The important thing is not winning but taking part: the Norwegian approach to multinational defence cooperation between 2005-2014

Hjartøy, Tor Magnus (2015) The important thing is not winning but taking part: the Norwegian approach to multinational defence cooperation between 2005-2014. MPhil(R) thesis, University of Glasgow.

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Following the end of the Cold War the Norwegian Armed Forces went through several significant periods of reform that arguably created as many problems as they solved. Despite reducing the troop numbers, bases and materiel of the Armed Forces, at the turn of the century the Norwegian Armed Forces were still not able to solve its mission or balance its budget. In the period between 2005-2014, even further reforms were set to be implemented, and the leadership of the Armed Forces felt compelled to look at new avenues to save money and retain capabilities in the process. In the following years, several studies showed that one such avenue was multinational defence cooperation (MDC), which was a method to both save money and retain capabilities. Following these studies Norway entered into two major MDC initiatives: The Nordic Defence Cooperation (NORDEFCO) initiative, and NATO’s ‘Smart Defence’ initiative. These initiatives were different in methodology and scope, but both promised significant cost savings and increased ability, if only participants committed to the initiatives. My thesis seeks to understand both how and why Norway was motivated to take part in these initiatives individually, and to understand what can be said to be the Norwegian approach to MDC in general.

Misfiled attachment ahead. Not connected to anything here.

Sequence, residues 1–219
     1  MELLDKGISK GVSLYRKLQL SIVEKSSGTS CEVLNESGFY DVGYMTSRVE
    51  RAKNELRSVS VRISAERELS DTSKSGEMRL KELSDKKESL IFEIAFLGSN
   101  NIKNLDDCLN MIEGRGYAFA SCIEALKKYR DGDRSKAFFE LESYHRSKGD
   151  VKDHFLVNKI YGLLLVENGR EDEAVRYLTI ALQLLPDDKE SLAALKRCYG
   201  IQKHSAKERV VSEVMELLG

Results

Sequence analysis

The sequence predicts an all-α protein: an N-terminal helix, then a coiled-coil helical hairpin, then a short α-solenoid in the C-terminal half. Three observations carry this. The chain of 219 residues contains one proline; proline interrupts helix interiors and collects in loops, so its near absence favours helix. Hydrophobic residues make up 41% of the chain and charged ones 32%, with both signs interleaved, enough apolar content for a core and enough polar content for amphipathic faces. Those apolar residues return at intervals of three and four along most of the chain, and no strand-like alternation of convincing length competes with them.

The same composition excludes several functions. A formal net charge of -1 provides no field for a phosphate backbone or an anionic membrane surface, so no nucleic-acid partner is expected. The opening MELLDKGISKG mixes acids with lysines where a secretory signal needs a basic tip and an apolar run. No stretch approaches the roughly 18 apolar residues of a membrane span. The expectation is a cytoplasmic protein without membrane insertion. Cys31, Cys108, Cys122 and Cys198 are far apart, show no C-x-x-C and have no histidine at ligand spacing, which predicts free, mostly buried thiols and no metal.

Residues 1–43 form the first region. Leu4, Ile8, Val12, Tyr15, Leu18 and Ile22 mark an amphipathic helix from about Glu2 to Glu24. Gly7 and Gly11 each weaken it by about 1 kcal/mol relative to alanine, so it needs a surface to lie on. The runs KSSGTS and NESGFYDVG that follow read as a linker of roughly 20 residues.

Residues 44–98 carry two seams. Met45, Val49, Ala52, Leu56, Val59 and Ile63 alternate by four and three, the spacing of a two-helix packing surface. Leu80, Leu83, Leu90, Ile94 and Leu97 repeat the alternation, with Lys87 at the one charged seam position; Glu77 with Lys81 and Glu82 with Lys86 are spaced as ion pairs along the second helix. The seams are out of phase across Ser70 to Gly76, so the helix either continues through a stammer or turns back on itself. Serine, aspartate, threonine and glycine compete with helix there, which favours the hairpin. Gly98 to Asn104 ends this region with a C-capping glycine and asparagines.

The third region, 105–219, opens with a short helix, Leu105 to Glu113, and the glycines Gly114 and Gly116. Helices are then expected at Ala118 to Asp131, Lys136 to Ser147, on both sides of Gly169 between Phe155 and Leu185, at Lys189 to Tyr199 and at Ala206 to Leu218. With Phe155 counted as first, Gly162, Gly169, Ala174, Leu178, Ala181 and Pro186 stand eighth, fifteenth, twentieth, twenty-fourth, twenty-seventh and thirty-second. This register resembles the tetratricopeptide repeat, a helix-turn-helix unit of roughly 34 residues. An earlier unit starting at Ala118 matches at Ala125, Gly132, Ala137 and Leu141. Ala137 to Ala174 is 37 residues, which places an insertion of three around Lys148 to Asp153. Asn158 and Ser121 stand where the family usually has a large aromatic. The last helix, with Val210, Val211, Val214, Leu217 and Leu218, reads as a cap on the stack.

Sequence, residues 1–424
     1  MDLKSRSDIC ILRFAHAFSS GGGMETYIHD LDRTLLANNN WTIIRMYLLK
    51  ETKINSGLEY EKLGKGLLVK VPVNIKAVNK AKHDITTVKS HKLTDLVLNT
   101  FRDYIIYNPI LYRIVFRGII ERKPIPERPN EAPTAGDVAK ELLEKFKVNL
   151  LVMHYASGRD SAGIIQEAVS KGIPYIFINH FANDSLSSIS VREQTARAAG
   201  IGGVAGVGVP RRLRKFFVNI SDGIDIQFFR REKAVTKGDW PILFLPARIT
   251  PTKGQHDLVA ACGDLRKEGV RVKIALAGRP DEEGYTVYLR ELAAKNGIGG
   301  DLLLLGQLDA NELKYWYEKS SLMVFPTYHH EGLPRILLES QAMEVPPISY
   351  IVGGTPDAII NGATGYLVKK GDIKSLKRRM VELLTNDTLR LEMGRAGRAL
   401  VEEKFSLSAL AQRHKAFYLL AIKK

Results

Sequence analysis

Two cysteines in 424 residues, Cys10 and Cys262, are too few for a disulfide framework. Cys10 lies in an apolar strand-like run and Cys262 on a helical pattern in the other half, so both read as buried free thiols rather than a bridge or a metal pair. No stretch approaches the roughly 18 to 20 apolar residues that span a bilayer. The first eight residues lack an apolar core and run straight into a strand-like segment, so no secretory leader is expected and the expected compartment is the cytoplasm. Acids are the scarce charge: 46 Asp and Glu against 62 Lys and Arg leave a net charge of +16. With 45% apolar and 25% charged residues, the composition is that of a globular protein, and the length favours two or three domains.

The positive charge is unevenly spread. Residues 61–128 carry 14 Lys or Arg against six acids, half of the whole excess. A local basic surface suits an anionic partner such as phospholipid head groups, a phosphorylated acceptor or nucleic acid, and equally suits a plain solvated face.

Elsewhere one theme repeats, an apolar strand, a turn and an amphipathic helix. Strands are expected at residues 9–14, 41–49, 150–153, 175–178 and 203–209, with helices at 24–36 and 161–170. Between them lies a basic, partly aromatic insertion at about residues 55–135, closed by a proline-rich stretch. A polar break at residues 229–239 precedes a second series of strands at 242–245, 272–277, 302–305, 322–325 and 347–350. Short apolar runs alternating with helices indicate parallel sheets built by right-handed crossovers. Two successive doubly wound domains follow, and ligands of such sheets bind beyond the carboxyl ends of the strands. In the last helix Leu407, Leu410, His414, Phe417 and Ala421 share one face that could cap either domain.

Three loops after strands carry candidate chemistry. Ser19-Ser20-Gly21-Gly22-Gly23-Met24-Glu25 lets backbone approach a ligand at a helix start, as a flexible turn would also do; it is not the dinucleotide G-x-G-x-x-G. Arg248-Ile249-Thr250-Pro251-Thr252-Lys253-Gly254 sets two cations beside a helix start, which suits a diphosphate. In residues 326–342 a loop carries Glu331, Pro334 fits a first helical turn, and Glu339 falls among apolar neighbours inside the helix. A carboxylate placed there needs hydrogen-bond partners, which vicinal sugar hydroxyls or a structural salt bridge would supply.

Though these two areas of MDC are very different, Norway’s motivation and behaviour in them contain some similarities. Traditionally, Norway has been an importer of security that wanted to maximise potential for Great Powers to come to her aid when needed. It is my argument that this is also a significant motivation for Norway’s participation in MDC initiatives. MDC can be an avenue to create bonds between nations, bonds that can be utilised, when needed, to gather support. As such, such participation is a strategy for Norway in an of itself. For MDC to have maximum effect, certain sacrifices of control and freedom of action have to be made by the participants. Norway’s behaviour in these two initiatives shows that Norway is unwilling to make such sacrifices, rendering the cooperation relatively ineffective compared to its stated ambition. As such, it it my contention that Norway’s stated goals for defence cooperation; cost savings and capability retention, are subjugated to her goals of creating bonds between nations in order to secure reciprocity and support, in the event it is needed in the future.

Item Type: Thesis (MPhil(R))
Qualification Level: Masters
Keywords: History, norwegian armed forces, norway, multinational defence cooperation, nordic defence cooperation, smart defence, nato, NORDEFCO, Diesen.
Subjects: D History General and Old World > D History (General)
D History General and Old World > D History (General) > D204 Modern History
D History General and Old World > DL Northern Europe. Scandinavia
U Military Science > U Military Science (General)
Colleges/Schools: College of Arts > School of Humanities > History
Supervisor's Name: O'Brien, Dr. Phillips
Date of Award: 2015
Depositing User: Mr Tor Magnus Hjartøy
Unique ID: glathesis:2015-7150
Copyright: Copyright of this thesis is held by the author.
Date Deposited: 03 May 2016 11:09
Last Modified: 14 Jun 2016 11:19

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